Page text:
2 Key Lessons From the Pacific Exploration and Production Corp. Train Wreck

The debt restructuring of Pacific Exploration and Production Corp. (TSX:PRE) highlights just what can go wrong with heavily leveraged oil companies, illustrating important lessons for investors.

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Beaten-down Colombian oil producer Pacific Exploration and Production Corp. (TSX:PRE), which was on the verge of bankruptcy, has restructured its debt through a deal with Canadian private equity firm Catalyst Capital Group Inc. This deal, which reduces its debt by about US$5 billion, was a costly affair for shareholders; it virtually wiped out their equity upon completion.

Regardless of the deal, Pacific Exploration has now filed for creditor protection, highlighting just how precarious the company’s position is.

The trials and tribulations of Pacific Exploration are a stark reminder of just how wrong things can go when a company loads up on debt and makes questionable acquisitions, highlighting two key lessons for investors.

Now what?

The roots of the harrowing saga can be traced back to 2013 and the height of the oil boom when Pacific Exploration–then known as Pacific Rubiales–was the darling of the Colombian oil patch. Not only had it successfully navigated the intricacies of operating in Colombia to become that country’s largest independent oil producer, but it had amassed a sizable portfolio of high-quality exploration assets.

Then management made the fateful decision to acquire fellow Canadian-listed, Colombian oil company Petrominerales Ltd. for $935 million and assume its $640 million in debt.

This was the largest of over 10 acquisitions made by Pacific Exploration as it sought to maintain its aggressive growth profile, which allowed net production grow at a very impressive compound annual rate of 59% since 2007. In order to finance the deal, Pacific Exploration took a $1.3 billion bank loan, which saw its debt grow to over US$4 billion when combined with the debt assumed from Petrominerales.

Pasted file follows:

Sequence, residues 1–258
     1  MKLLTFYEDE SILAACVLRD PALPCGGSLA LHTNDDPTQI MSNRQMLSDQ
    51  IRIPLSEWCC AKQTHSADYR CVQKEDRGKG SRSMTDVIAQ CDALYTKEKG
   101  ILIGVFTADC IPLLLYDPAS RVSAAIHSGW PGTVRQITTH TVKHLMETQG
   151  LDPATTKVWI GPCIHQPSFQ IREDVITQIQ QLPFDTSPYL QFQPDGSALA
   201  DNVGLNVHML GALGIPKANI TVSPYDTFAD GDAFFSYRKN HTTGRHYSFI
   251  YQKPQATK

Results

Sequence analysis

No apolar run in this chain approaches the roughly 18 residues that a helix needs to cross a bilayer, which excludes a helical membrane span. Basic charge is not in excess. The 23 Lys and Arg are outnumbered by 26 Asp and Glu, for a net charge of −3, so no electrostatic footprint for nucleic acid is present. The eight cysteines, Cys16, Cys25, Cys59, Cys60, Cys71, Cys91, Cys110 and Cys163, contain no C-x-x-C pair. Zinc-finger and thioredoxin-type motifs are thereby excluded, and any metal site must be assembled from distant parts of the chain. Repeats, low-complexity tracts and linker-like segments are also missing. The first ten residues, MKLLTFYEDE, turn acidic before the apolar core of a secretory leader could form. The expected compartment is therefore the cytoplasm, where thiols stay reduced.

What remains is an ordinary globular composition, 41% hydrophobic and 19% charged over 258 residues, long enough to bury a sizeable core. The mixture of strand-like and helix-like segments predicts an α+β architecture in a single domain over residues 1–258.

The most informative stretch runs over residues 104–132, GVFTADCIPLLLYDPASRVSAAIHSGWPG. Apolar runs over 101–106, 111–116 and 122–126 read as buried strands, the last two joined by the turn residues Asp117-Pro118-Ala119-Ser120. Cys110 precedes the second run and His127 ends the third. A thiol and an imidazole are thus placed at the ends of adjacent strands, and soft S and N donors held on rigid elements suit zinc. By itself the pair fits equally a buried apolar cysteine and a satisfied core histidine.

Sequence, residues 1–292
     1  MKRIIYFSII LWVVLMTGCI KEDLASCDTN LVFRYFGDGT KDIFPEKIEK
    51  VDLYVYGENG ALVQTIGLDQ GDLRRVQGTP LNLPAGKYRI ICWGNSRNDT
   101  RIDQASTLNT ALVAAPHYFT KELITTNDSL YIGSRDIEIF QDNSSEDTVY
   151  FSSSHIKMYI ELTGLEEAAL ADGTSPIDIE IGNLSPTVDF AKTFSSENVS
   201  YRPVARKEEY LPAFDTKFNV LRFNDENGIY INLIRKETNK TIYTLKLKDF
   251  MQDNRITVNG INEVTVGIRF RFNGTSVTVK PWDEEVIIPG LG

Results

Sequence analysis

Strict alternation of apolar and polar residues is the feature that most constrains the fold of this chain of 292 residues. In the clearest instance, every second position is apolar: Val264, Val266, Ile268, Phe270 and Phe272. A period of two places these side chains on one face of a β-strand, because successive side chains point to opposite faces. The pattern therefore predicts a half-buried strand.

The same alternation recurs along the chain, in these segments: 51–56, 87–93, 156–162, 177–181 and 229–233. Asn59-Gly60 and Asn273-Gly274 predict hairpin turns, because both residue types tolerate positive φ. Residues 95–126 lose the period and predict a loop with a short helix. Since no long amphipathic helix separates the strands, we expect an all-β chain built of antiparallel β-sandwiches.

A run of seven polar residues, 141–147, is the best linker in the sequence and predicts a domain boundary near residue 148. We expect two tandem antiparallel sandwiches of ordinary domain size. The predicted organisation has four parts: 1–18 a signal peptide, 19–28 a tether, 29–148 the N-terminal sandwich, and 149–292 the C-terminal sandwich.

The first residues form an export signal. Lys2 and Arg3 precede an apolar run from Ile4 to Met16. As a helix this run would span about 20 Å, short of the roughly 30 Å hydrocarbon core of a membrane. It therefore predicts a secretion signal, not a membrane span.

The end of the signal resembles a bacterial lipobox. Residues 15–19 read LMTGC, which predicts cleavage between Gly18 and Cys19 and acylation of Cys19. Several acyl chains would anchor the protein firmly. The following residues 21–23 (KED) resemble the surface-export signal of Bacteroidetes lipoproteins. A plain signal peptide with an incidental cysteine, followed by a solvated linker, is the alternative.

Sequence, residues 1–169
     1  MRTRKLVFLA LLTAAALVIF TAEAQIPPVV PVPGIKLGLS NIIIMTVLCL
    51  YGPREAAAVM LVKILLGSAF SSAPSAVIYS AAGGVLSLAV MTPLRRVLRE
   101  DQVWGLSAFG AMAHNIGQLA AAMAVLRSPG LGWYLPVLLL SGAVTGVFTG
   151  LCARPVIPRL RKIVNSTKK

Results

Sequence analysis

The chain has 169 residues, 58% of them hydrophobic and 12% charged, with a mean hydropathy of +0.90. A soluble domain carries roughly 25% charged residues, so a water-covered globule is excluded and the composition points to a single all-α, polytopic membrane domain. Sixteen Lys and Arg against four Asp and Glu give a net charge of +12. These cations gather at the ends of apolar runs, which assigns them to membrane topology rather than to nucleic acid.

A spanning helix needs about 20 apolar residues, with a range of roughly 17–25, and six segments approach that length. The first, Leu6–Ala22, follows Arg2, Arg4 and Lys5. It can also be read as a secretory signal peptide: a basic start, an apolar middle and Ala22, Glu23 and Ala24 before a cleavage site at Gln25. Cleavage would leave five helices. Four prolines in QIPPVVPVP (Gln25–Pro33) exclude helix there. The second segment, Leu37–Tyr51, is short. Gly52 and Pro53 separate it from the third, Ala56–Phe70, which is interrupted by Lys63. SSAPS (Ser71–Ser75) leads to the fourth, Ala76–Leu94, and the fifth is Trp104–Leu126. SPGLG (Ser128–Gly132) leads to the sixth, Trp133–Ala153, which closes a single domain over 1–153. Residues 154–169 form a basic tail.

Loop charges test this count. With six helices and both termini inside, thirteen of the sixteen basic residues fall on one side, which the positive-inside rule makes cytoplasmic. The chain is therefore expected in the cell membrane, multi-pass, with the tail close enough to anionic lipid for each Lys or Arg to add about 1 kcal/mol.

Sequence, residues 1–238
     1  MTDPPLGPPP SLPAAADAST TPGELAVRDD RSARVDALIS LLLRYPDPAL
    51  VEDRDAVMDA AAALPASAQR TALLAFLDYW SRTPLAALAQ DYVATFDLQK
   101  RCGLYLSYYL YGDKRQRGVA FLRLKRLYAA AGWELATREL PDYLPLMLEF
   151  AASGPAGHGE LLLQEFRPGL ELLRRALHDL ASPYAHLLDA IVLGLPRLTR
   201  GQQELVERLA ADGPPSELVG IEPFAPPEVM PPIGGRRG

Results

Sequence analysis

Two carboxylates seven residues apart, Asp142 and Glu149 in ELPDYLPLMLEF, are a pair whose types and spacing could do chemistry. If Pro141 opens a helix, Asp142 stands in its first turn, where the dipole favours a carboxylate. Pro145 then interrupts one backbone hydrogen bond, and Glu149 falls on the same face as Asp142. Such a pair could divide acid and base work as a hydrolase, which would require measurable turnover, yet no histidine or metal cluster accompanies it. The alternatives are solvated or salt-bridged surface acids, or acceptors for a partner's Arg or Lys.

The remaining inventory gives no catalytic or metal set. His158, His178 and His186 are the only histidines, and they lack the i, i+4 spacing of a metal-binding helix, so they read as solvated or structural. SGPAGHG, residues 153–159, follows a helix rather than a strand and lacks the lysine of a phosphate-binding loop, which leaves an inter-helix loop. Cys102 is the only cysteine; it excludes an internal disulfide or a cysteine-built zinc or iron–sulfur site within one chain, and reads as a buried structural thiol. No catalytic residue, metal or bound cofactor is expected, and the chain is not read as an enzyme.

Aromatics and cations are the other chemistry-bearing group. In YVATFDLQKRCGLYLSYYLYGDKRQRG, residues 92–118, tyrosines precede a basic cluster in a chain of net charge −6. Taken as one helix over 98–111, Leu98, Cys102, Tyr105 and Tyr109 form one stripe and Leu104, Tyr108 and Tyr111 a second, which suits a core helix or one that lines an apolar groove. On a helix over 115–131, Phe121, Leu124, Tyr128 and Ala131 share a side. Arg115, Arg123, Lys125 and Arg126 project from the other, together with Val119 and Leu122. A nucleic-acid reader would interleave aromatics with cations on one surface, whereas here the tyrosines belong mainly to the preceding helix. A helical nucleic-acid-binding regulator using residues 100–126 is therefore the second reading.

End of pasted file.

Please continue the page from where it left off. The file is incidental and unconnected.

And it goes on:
By the end of 2015, that debt had ballooned to an unmanageable US$5 billion. When coupled with the sustained slump in crude, the company was unable to meet its financial obligations. It was forced to defer a US$66 million interest payment on its senior notes in January of this year.

This emphasizes that those companies which focus solely on growing aggressively through debt-funded acquisitions are high-risk investments that are highly vulnerable to any downturn in the economic cycle.

A similar outcome can be seen with Penn West Petroleum Ltd. (TSX:PWT)(NYSE:PWE). Like Pacific Exploration, it loaded up on debt and went on a massive spending spree, acquiring assets of questionable quality that left it vulnerable to the slump in crude. As a result, it now it finds itself in dire straits and could potentially face a debt restructuring.

Then you have Pacific Exploration’s failure to retain its interest in the Rubiales field; it is set to return to Colombian government-controlled Ecopetrol SA in mid-2016.

This was contrary to claims from management that it would be able to successfully negotiate a new contract to retain its interest in the field. Subsequently, Pacific Exploration will lose over half of its oil production from mid-2016 and, despite reassurances from management, it has failed to develop any alternative assets to replace that production. This loss will cause Pacific Exploration’s revenue to fall sharply later this year, leaving it unable to meet its financial obligations.

The inaccurate claims of management highlight that it is crucial for investors to conduct their own due diligence or rely on an independent expert to do this for them. This is why a subscription to the services provided by the Motley Fool can be a valuable investment; our independent voice helps to cut through the market noise.

So what?

The demise of a company as promising as Pacific Exploration illustrates what can go wrong with high levels of debt, an aggressive acquisition strategy, and a lack of focus on organic growth. In effect, it leaves them extremely vulnerable to any downturn in the economy or slump in commodity prices.

This article represents the opinion of the writer, who may disagree with the “official” recommendation position of a Motley Fool premium service or advisor. We’re Motley! Questioning an investing thesis — even one of our own — helps us all think critically about investing and make decisions that help us become smarter, happier, and richer, so we sometimes publish articles that may not be in line with recommendations, rankings or other content.

Fool contributor Matt Smith has no position in any stocks mentioned.

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